The last years of Beardsley’s life were spent trying to complete illustrations for Theophile Gautier’s Madame Maupin and Ben Jonson’s Volpone. Facing his death,  he wanted to leave behind a beautiful legacy before he died. In his final collaboration with Smithers, Aubrey managed to make his own book, Under the Hill. He wrote the text and did the illustrations for this book. He soon found himself taking residence on the French Riviera in 1896. Before his death, Beardsley would choose to be received by the Catholic Church, and as a repentance for what he felt were sins, he wrote to Smithers telling him to destroy all copies of Lysistrata in addition to any of his other obscene drawings. He later died at age 25, in Menton, France. He had a big effect on the design world as his art was an important development of Art Nouveau. His art would be regularly re-appreciated in Art Nouveau revivals, in cartoons for the Beatles’ film, Yellow Submarine. He was a major influence on The Beatles. Reaching success at age twenty, Beardsley’s artistic career fits into a tragically short span of only six years. This allowed his art to get out there, but also for not all his talents to be shown to the world. He left an everlasting effect on Oscar Wilde as he wrote to Smithers after he died saying that “there were great possibilities in the cavern of his soul, and there is something macabre and tragic in the fact that one who added another terror to life should have died at the age of a flower” (Kosik 2018). Aubrey Beardsley, an Art Nouveau Illustrator showed the world that through passionate artistry he could always get his points across.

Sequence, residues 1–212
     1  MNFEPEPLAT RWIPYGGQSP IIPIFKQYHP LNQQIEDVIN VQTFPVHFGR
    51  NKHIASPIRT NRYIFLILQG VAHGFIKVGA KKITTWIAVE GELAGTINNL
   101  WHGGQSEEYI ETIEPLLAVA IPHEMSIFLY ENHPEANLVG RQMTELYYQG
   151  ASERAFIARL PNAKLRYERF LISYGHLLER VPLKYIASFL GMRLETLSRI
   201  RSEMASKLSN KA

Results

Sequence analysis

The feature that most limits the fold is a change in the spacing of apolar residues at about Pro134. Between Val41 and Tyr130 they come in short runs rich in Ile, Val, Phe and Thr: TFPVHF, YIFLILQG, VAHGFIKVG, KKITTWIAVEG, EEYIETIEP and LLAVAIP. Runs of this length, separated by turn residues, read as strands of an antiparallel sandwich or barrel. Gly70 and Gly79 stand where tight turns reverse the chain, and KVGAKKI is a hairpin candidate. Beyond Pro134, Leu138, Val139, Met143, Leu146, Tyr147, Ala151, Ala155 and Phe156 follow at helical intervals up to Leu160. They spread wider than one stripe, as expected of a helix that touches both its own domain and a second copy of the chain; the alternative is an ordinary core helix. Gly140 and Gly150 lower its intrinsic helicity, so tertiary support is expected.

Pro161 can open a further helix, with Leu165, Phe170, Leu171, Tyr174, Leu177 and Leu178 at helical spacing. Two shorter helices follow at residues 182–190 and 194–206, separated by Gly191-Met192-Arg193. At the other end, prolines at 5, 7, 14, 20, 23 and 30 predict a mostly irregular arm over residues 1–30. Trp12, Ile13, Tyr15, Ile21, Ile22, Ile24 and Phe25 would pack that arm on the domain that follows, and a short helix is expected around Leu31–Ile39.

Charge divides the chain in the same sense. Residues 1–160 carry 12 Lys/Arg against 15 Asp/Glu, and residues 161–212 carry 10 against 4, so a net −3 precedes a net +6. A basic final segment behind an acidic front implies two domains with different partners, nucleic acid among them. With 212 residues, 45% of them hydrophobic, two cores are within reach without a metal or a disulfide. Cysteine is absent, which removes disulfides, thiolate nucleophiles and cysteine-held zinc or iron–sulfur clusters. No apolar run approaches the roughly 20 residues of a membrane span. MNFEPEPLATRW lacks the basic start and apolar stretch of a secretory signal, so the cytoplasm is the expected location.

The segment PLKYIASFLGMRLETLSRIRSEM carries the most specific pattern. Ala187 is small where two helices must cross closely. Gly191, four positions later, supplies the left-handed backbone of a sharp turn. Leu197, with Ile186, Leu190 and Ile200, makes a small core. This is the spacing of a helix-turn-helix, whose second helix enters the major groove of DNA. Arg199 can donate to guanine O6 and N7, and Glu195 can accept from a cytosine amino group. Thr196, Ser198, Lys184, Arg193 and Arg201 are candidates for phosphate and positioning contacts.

Works Cited:

Simkin, John. “Aubrey Beardsley.” Spartacus Educational, Spartacus Educational, 1997,

McGrath, Mary Beth. “The Life of Aubrey Beardsley.” The Life of Aubrey Beardsley, 1991,

Kosik, Corryn. “Aubrey Beardsley.” Illustration History, June 2018,

“Aubrey Beardsley Biography, Life & Quotes.” The Art Story,